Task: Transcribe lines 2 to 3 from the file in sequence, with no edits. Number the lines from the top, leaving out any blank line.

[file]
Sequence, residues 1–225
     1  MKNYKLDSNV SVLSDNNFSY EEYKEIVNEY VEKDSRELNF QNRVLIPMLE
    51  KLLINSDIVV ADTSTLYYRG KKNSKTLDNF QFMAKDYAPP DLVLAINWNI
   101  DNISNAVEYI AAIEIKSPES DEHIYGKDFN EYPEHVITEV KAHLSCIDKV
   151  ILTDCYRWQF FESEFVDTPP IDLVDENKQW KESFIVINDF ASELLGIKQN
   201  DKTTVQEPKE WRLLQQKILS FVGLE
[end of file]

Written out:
     1  MKNYKLDSNV SVLSDNNFSY EEYKEIVNEY VEKDSRELNF QNRVLIPMLE
    51  KLLINSDIVV ADTSTLYYRG KKNSKTLDNF QFMAKDYAPP DLVLAINWNI